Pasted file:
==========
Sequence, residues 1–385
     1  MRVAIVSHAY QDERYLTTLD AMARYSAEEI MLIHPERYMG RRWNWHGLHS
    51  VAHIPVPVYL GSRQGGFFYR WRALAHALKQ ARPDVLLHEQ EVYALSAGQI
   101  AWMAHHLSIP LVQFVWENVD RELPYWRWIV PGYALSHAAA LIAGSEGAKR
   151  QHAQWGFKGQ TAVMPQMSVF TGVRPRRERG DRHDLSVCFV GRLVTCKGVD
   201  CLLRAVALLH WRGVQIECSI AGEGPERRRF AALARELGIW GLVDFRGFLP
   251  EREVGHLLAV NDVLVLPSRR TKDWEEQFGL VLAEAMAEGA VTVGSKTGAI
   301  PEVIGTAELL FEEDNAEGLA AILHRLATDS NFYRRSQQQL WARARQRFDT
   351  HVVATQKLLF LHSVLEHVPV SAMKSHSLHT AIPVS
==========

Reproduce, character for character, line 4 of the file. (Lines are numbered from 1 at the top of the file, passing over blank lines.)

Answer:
   101  AWMAHHLSIP LVQFVWENVD RELPYWRWIV PGYALSHAAA LIAGSEGAKR